Monday, May 5, 2014

Last week I was talking to a friend about the anxiety that seizes me when anyone begins to praise my writing. If I'm prepared, I can override the panic, breathe deeply, manage to thank the praiser. I tend to believe in criticism more than praise. My assumption, I suppose, is that most readers will zero in on the flaws that I did not see or could not solve. I rarely allow myself to imagine that anyone will accept the book as a finished accomplishment.

Very likely this reaction is beneficial insofar as it keeps me poised for change and instruction, whether from astute readers or editors or simply as a result of my own ongoing education in poetry. But there is something difficult about allowing oneself to accept praise. At a point of great success, when she was receiving extraordinary reviews and accolades, Virginia Woolf wrote, "It is perhaps true that my reputation will now decline. I shall be laughed at & pointed at." The praise only made her more thin-skinned, more anxious.

Yesterday I posted a link to a review of Same Old Story. I do not know this reviewer, nor had I sent a press release to the newspaper. It is an amazingly favorable piece, and I am honored and grateful. Of course I also hope that it will convince people that the book is worthy of being read. I don't imagine that this book will win national accolades. I don't live that kind of life; I don't have those kinds of connections. But with a review like this one, I begin to sense that, for the first time, I may have published a book that will not automatically disappear down the rabbit hole.

Poet Betsy Sholl was also featured in the review; and she, too, had not known anything about the piece or the reviewer. After I shared it with her, she said, "The guy was pretty nice to us." Yes, he was. So I will breathe deeply and hope that somehow I can convey my thanks to him. I want to tell him that the vulnerability that enables the creation of poetry can also make it very difficult to believe that the poems are capable of taking their place in the larger conversation. But I want him to know--I want you to know--that even when I fall into awkwardness and panic, I am full of happiness about my reader.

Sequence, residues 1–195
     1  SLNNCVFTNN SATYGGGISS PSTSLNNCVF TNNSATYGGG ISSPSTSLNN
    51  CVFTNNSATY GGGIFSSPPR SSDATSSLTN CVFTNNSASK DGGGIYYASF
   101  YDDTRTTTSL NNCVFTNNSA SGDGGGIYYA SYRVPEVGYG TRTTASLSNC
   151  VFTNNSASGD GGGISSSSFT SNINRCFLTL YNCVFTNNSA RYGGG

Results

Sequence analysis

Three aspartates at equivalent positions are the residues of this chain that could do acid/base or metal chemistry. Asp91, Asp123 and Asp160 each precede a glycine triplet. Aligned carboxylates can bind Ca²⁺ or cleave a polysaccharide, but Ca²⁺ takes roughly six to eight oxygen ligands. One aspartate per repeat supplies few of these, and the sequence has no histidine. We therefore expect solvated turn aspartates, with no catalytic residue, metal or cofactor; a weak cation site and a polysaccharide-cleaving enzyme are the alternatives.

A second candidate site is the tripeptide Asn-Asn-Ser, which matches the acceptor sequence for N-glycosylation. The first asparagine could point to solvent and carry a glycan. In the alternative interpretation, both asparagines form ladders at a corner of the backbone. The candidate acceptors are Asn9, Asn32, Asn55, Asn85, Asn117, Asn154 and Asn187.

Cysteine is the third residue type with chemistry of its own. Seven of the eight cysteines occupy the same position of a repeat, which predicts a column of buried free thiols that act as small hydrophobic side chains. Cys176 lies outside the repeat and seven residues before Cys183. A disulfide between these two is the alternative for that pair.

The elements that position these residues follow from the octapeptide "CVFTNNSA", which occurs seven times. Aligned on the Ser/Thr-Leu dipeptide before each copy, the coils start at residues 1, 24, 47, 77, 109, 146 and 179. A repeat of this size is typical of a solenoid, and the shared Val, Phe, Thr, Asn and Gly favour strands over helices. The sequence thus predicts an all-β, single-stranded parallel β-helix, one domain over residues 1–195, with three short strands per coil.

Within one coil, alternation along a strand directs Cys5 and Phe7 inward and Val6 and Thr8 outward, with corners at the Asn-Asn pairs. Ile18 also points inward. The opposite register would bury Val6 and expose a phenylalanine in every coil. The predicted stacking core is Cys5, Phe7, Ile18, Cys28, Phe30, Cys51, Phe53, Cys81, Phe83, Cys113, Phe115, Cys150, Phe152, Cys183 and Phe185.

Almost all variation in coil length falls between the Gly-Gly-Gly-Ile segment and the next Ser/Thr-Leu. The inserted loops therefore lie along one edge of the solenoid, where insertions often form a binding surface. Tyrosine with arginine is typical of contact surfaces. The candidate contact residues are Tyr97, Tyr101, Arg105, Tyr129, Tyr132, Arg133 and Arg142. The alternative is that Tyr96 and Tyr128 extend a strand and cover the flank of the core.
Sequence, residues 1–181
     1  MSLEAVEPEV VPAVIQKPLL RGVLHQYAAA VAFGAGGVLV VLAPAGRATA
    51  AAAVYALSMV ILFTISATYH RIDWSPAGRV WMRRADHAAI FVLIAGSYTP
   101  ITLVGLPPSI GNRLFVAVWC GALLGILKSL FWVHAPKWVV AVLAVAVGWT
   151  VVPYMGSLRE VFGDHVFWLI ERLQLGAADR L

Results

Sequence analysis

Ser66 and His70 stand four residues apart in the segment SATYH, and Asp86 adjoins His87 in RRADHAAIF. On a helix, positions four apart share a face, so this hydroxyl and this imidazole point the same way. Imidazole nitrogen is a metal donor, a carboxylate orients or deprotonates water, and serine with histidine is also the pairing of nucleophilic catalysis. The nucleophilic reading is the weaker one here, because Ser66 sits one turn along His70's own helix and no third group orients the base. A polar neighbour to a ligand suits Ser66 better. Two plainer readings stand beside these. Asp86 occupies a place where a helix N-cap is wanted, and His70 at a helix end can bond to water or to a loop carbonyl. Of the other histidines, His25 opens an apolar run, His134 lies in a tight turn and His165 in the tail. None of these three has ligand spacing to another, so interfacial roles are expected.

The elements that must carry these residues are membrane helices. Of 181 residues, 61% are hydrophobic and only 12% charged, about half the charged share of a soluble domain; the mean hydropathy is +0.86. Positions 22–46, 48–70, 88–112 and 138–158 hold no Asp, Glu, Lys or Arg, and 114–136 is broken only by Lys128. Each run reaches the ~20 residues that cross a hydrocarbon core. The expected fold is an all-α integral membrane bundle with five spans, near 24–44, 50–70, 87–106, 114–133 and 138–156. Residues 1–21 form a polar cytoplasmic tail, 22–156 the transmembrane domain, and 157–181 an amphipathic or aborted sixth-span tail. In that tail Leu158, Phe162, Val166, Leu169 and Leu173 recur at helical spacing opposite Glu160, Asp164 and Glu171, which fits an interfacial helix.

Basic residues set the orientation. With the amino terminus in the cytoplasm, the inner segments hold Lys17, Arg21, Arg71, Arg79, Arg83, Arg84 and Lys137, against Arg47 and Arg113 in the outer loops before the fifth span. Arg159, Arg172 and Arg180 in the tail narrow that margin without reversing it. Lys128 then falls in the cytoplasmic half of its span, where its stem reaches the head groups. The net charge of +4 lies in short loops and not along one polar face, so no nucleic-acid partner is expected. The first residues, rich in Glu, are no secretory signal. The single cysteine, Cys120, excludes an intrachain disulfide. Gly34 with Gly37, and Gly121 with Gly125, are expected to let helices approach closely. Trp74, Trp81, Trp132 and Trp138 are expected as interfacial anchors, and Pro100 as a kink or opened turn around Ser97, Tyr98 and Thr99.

Christopher Woodman said...

Many thanks for that, Dawn -- and as always for hanging in there despite your anxieties and panic.

Of course we live in a time when our work is disseminated impersonally and people read us and talk about us anonymously. Unlike putting a carefully cut quill to a home-made piece of paper which we entrust to a postman on a pony or bicycle to deliver to a friend, our gift ends up on an anonymous desk in another county or country we'll never visit. And that changes everything, because we write as a writer who's alone. And that's something new, and I say that changes everything.


Dawn Potter said...

I don't think I agree that writing "as a writer who's alone" is "something new." I think maybe contemporary aloneness is simply a different sort of isolation.

Christopher Woodman said...

"Writing" itself is something new, even in the West — indeed, everybody going to school to learn to write is just three generations old for most families while advanced degrees in writing weren't even available to the best students when I was in college — 1958-1969, Columbia, Yale and King's College Cambridge.

There's also a huge difference between the isolation of geniuses like John Keats or the Brontes and the isolation of a contemporary American poet who believes that getting published is the proof that one has something valuable to say.

And that thought's not provocative, Dawn, it's proactive!